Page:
Sunday, 1 May 2011

Smoothing traffic flow

There are many reasons to cycle, even with the roads sometimes deeply hostile to anything other than the combustion engine. One of the very good reasons to cycle is well illustrated in the video below

This was taken at the same time as the other video (just didn't get around to editing it) and is immediately after the Stratford one way system (the bit where I got close passed by a chap reading a map and another motorist who seemed incapable of moving to the second lane which was free - both got immediately caught in this jam).
As can be seen by the video, the jam stretched for a very reasonable distance; I imagine the motorists were stuck here for a while. And the problem?

The temporary traffic lights which directed traffic through a very short narrowed piece of road where some road-works were being done. The actual issue was that traffic going towards Stratford was also in a queue and were queuing across the road-works, thus restricting the other lane of traffic when their lights went green. Gridlock ensues.

This was a very minor roadwork. It neatly illustrates why I had to give up driving everywhere for sake of my health and sanity. The average car journey is very unpredictable these days - one slight restriction to the road adds on 30 minutes to a 10 minute journey.

TFL and the government's solution to this is to prioritise "smoothing traffic flow" over everything else. Hence we have the situation where a bridge (which are generally difficult for cyclists anyway) is being re-worked to increase traffic lanes and decrease pedestrian and cycling space. And Blackfriars Bridge actually has more bicycles crossing it at rush hour than private cars. If this situation still merits more space given to cars, then it is highly unlikely that those in charge of highways will consider places such Tottenham Hale or Stratford as requiring more cycle friendly planning.

The fundamental problems with the "smoothing traffic flow" are obvious. Traffic reaches its own level - increased capacity increases car usage,  the M25 should teach us this. But also, the traffic flow is trying to be re-worked in London which is dominated by streets singularly unsuitable for large volumes of traffic. In the Tottenham Hale gyratory for instance, traffic generally moves quickly around the multi-lane racetrack in the one way system to come to a grinding halt either side on the A10 as they then filter down onto ancient roads through local centres.

From my experience as a cyclist and driver, the average junction design is to have as many traffic lanes as possible entering it - even if the other side is too narrow to accommodate - in an effort to push as much traffic through the junction as possible. This is uncomfortable for a motorist as the lanes disappear and everyone ends up jostling for position. For a cyclist is a down-right horrible as car drivers are too busy concentrating on claiming their road-space to worry about a bicycle in the middle of it all.

The very act of "smoothing traffic flow" makes junctions and roads more hostile to pedestrians and cyclists than they could be. And then more people decide to drive because the roads are more attractive to cars and much less attractive to anything else. And then the road becomes congested so it is redesigned to "smooth traffic flow", again at the cost of other modes of transport. And so on, and so on, presumably until all space between the buildings in London is one huge traffic smoothing exercise.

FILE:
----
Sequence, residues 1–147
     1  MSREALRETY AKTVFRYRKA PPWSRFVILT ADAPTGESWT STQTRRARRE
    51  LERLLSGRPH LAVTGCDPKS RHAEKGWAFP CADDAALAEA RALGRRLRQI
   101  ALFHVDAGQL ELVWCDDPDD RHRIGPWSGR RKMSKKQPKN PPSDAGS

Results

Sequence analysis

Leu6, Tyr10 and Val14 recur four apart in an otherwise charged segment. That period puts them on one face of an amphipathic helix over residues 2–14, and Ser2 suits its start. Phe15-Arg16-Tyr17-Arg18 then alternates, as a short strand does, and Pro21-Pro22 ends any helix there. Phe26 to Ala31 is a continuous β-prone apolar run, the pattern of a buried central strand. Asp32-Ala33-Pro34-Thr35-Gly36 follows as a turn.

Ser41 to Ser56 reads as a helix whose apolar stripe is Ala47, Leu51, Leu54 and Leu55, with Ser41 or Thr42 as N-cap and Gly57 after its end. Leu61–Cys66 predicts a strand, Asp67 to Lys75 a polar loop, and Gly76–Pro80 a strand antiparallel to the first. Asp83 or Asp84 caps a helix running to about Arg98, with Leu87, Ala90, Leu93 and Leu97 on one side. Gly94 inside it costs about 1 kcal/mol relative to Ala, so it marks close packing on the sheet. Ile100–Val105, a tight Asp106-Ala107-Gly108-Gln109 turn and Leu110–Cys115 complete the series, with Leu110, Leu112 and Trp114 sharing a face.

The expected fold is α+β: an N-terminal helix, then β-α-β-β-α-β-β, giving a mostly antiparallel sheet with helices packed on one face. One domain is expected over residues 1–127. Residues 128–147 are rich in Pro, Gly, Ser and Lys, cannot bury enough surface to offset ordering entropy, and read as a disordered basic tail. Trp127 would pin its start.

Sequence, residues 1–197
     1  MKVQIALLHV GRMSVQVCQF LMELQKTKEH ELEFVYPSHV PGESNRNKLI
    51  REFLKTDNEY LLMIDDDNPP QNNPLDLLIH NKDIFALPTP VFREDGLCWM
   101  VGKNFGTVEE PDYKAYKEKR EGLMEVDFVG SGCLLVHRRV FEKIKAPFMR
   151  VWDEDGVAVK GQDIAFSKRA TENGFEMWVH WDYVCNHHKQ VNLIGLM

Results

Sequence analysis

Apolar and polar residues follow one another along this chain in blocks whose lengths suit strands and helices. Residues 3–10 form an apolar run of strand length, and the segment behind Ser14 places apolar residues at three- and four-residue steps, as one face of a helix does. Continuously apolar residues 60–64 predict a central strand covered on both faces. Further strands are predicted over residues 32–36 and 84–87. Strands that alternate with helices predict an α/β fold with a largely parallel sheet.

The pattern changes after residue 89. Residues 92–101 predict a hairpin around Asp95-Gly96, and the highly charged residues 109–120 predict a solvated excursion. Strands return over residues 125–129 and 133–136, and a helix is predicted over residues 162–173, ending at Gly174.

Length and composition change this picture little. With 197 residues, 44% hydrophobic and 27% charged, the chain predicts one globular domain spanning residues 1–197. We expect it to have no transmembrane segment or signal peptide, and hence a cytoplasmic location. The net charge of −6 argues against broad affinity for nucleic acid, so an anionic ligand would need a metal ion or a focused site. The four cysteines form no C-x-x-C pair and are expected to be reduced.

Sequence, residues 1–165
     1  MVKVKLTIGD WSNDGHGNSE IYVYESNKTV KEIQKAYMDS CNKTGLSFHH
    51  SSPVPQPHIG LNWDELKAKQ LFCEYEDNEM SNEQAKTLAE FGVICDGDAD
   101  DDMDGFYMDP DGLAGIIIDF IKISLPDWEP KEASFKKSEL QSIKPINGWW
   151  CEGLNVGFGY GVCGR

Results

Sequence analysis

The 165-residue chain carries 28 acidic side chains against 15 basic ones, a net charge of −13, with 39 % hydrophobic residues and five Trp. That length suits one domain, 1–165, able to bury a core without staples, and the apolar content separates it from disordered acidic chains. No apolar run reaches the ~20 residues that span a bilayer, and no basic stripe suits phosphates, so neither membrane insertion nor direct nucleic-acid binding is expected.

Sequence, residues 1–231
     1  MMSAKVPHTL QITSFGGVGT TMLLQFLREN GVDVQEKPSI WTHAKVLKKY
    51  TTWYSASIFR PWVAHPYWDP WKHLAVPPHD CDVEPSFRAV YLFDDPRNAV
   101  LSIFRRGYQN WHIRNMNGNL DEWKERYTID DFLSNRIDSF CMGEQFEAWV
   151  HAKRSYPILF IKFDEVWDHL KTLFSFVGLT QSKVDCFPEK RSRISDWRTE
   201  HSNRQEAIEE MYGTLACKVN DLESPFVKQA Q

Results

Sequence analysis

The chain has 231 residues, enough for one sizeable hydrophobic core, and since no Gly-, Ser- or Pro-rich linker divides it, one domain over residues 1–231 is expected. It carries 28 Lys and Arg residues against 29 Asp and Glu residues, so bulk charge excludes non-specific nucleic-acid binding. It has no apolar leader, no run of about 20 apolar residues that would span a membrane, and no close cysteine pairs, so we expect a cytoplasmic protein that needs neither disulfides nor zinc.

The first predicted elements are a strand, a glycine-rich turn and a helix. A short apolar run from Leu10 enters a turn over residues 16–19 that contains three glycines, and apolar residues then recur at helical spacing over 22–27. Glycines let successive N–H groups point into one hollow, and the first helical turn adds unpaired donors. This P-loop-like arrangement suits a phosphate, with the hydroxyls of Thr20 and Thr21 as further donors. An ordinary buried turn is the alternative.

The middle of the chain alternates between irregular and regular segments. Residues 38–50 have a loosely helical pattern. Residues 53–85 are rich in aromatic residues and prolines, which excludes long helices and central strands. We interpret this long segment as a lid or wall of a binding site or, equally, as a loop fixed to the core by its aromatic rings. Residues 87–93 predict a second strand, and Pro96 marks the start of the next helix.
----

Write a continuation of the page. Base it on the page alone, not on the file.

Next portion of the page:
What should be accepted is that "traffic smoothing" involves all modes of transport - cycling, walking, bus user and motorists, and that to accommodate everyone traffic flow is going to be between 10mph and 20mph on average. This also humanises the road-space - at the moment traffic is allowed (some may say the road design encourages) to "put their foot down" in the multi-lane free-for-alls to only be snared in the inevitable jams either side. Places like Stamford Hill have traffic lights at the bottom and top - normally with considerable queuing traffic, but the road design in between has two lanes with a lane width of hatching between opposing traffic. It is deeply unpleasant to cycle on - which maybe why I see many cyclists jumping onto the pavement at this point - something which helps out the motorist but hinders the other group of people most affected by this car-culture - the pedestrian.

One day people will realise that their urban spaces are too important to use by seeing how much traffic can be squeezed through it. I think this is already happening - 20mph zones are widely accepted (even if they are not widely respected by motorists), "home-zones" in places have been designed to enhance living space. But our town planners and local government, instead of leading, appear to be trying to pull the other way.

1 comment:

  1. Great post.

    It is incredible to me that a policy of increasing levels of cycling and walking does not seem to be considered as a way of 'smoothing traffic flow'. Traffic planners do not seem to understand that a motorist could be a potential cyclist or walker - the modes are considered completely in isolation, when in fact greater levels of walking and cycling would massively alleviate the kind of congestion you describe in this post.

    "From my experience as a cyclist and driver, the average junction design is to have as many traffic lanes as possible entering it - even if the other side is too narrow to accommodate - in an effort to push as much traffic through the junction as possible."

    I think the more general rule is 'let's get as many traffic lanes in, wherever we can' - it's not just at junctions. Take London Bridge, for example - there's only one lane leading onto it southbound, yet it immediately opens out into a three lane motorway.